Last week, the Maryland Public Service Commission wisely rejected Pepco's request for a $68 million rate hike, allowing them a more modest rate hike. Pepco had already been fined $1 million last December for its poor record of reliability prior to the June 29 derecho. And the utility's performance in the aftermath of that storm made it clear that the commissioners made the right call. However, this week, petulant Pepco officials warned that without more money, their already poor service would get even worse.
Locals have heard such veiled threats before. Metro has repeatedly warned that rail service would deteriorate unless the transit agency got more money for neglected maintenance and equipment upgrades. Such threats won them repeated fare hikes and, in 2008, a $1.5 billion federal subsidy, yet Metro's service continues to get worse, not better.
District residents were told that DC Public School teachers needed higher salaries and bonuses before they could teach low-income students how to read and write. Educators got the extra cash but still haven't delivered the higher test scores they promised.
Pepco, Metro, and DCPS have something in common. These government-protected monopolies believe they should be financially rewarded despite poor performance. It's about time somebody drew the line.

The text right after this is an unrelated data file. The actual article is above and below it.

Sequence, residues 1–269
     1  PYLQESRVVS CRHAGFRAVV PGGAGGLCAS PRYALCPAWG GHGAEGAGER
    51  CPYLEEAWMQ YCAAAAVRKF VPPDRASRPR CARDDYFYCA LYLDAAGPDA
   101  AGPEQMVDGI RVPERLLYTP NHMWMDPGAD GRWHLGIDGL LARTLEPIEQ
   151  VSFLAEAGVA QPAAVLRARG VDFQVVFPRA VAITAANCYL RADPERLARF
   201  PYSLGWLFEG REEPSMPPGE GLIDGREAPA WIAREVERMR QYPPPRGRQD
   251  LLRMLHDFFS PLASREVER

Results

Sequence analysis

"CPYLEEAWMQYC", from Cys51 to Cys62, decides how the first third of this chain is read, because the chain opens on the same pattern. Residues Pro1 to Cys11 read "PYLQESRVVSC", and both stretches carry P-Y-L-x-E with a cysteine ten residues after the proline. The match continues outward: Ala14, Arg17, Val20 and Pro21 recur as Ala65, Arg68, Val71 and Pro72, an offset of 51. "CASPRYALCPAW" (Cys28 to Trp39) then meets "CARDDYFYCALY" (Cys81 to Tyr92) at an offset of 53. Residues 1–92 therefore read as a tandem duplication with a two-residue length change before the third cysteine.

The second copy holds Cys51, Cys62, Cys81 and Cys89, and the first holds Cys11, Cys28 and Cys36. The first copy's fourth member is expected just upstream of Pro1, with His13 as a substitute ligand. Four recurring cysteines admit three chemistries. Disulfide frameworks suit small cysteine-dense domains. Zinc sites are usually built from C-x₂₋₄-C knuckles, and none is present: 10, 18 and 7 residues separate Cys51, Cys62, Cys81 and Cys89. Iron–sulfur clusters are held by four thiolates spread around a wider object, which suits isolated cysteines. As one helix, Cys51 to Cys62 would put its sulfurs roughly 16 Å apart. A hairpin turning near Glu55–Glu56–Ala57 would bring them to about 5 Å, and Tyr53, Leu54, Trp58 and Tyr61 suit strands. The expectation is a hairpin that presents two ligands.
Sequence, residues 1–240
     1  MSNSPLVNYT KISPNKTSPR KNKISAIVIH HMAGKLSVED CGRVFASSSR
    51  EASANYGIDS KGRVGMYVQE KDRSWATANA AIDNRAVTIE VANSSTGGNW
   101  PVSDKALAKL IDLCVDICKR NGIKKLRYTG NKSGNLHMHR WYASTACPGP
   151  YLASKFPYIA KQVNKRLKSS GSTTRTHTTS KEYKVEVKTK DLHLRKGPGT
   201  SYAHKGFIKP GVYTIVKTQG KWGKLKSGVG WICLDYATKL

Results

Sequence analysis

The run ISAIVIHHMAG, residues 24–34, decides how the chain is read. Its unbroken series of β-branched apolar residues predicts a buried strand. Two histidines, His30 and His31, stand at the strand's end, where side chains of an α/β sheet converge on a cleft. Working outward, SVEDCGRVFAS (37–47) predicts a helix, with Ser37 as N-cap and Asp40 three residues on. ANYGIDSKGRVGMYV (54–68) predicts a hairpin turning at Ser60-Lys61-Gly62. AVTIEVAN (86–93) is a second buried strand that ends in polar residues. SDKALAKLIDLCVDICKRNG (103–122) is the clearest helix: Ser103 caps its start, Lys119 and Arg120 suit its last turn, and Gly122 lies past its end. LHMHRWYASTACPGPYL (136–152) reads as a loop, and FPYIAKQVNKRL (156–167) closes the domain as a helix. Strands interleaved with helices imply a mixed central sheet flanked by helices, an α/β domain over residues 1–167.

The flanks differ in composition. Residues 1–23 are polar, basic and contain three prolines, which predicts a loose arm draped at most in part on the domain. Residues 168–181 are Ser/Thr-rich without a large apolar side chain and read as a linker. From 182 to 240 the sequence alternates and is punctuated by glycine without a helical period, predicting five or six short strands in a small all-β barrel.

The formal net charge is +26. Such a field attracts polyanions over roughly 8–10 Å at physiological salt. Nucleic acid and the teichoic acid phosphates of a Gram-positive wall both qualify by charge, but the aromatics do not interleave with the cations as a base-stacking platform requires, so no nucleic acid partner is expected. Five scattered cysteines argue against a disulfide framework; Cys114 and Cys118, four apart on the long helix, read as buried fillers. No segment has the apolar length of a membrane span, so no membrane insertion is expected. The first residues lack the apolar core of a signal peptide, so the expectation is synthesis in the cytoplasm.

That was easy to do in Pepco's case because its record of reliability is damning. According to an analysis sent to the Montgomery County Council by Rep. Chris Van Hollen, D-Md., "Pepco has meaningfully underperformed its industry peers on a number of broadly accepted reliability metrics for most of the past decade."
After the June 29 storm, Dominion in Virginia experienced more than twice as many outages as Pepco. But by the following Sunday, "Dominion had restored electricity to almost 60 percent of its customers ... whereas Pepco had restored electricity to just over 20 percent," Van Hollen noted. "It took Pepco until Wednesday, July 4, before its outage restoration percentage was on par with Dominion."
This wasn't dumb luck. Dominion had three times as many crews out removing trees and repairing downed power lines as Pepco. Dominion management negotiated mutual aid contracts with other power providers they could call on for help in an emergency.
After limiting Pepco's rate increase to $18.1 million, the PSC's job is far from over. State regulators should punish Pepco's public tantrum with greater scrutiny and make sure the utility does not take its displeasure out on captive customers.